Only after I hung a piece of French poster art
on the wall did I realize that it tells me exactly how I want to improvise music. The dominating image in this poster is a sphere of white--an orb of artificial light or perhaps the moon itself--held in the hands of a curvy, red-haired maiden. To employ that much "negative space" is a bold move, and yet it sells the advertisement: it is 1900 and you are in Paris at the World's Fair, lured to the Palais de l'Optique for its exhibits on light and optics.
The white space is the equivalent of silence, and it both illuminates and frames the remaining visual content in pleasing and interesting ways. I recently returned to the improv circuit (in one instance as audience member
and another time as performer) and my old assessments held true. Why are people so afraid of silence? Why does "let's improvise" mean let's play without ceasing? I don't care if you play a piece of styrofoam with a violin bow, or a piano string with a quarter! Searching for new timbres is admirable, but playing a new timbre non-stop, in a fairly steady dynamic range, is just BORING. (Let's face it, folks: the bandwidth for styrofoam to actually "sound" is pretty damn narrow.) This sort of improv is theatrical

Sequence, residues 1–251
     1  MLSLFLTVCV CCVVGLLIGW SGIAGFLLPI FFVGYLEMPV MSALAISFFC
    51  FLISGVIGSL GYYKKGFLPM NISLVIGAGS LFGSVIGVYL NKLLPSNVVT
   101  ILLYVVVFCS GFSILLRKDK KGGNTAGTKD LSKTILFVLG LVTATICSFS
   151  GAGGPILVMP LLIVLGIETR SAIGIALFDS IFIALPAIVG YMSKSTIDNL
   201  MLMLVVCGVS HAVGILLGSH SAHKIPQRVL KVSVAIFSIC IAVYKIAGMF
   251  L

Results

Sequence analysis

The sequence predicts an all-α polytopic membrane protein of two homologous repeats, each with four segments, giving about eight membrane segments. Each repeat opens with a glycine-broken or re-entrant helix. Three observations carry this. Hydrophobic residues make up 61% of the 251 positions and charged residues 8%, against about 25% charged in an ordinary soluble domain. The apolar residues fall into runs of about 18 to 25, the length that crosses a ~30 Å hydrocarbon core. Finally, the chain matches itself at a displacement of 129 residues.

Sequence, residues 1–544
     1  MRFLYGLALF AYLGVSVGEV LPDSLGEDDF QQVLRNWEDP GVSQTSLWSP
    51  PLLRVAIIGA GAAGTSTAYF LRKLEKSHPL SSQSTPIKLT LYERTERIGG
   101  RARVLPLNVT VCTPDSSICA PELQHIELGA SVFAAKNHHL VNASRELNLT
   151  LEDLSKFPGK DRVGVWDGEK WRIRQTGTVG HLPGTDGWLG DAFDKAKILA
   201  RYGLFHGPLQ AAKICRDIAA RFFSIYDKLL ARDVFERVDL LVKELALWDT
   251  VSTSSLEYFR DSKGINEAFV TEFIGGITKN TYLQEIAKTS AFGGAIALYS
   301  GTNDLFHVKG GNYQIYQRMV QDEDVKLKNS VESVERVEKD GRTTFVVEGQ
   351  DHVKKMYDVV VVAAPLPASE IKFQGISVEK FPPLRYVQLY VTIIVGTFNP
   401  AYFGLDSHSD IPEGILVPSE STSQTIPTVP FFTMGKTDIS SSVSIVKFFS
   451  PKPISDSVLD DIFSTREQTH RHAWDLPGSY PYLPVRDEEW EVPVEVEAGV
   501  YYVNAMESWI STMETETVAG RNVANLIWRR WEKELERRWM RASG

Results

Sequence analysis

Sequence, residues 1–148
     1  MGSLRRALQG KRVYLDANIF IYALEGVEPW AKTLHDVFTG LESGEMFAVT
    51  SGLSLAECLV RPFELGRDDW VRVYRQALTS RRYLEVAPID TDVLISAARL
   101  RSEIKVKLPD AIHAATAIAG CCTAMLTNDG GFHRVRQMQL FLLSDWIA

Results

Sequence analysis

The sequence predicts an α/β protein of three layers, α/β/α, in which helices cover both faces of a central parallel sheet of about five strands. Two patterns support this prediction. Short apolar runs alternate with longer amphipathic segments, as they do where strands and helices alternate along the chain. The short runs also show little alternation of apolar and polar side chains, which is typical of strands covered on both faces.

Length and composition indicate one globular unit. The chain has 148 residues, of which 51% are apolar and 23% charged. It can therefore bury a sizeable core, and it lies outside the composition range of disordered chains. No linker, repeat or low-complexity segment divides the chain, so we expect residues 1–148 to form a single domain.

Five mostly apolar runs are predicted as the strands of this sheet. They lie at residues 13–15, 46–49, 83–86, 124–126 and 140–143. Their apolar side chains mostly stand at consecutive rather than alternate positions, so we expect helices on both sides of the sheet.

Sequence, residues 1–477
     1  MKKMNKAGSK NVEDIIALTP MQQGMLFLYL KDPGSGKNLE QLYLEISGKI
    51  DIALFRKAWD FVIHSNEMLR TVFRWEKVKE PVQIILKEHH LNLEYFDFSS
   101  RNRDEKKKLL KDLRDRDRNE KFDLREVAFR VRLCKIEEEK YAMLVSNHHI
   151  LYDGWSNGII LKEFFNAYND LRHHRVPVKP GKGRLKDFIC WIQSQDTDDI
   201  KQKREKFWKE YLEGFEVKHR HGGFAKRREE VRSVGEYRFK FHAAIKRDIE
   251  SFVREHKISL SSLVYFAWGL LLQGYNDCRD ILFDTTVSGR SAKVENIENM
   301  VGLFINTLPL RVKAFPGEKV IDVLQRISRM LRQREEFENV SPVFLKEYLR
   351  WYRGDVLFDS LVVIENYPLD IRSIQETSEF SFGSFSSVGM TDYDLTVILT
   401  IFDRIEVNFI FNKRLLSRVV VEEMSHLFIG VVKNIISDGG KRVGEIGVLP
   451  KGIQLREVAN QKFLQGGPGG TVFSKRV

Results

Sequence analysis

music performance, perhaps, but not much more than that.
I definitely experienced more satisfaction playing my toy piano for a group of improvising dancers
. Performance can be like that. (Ha!) The music and dance improv still ruffled some of my critical feathers, but for the first time, my usual annoyances were given a clear and obvious visual form. A dancer and a musician were paired together and the improvisation unfolded as a small ensemble with no more than, say, four dancers and four musicians performing at a given time. But for some reason, most people seemed to interpret the "pairing" to mean: when the dancer dances, the musician plays music; if the music stops, the dance stops; and vice versa. Improvising musicians can tend towards a "non-stop" aesthetic, and that quality became markedly apparent when watching
. A person in constant motion is about as interesting as that aforementioned piece of styrofoam. Besides, is this how great composition or choreography works? Of course not! I've watched choreography come to a screeching halt as the music builds toward some symphonic mess, and I've often thought that dance is at its most beautiful when decisively placed in the silences
of a musical score.
I couldn't stop thinking of the poster on my wall at home, with its orb of silence resonating furiously in my mind. This articulation of nothing
becomes my measure and my goal for improvised music. Presque rien? Ce n'est pas.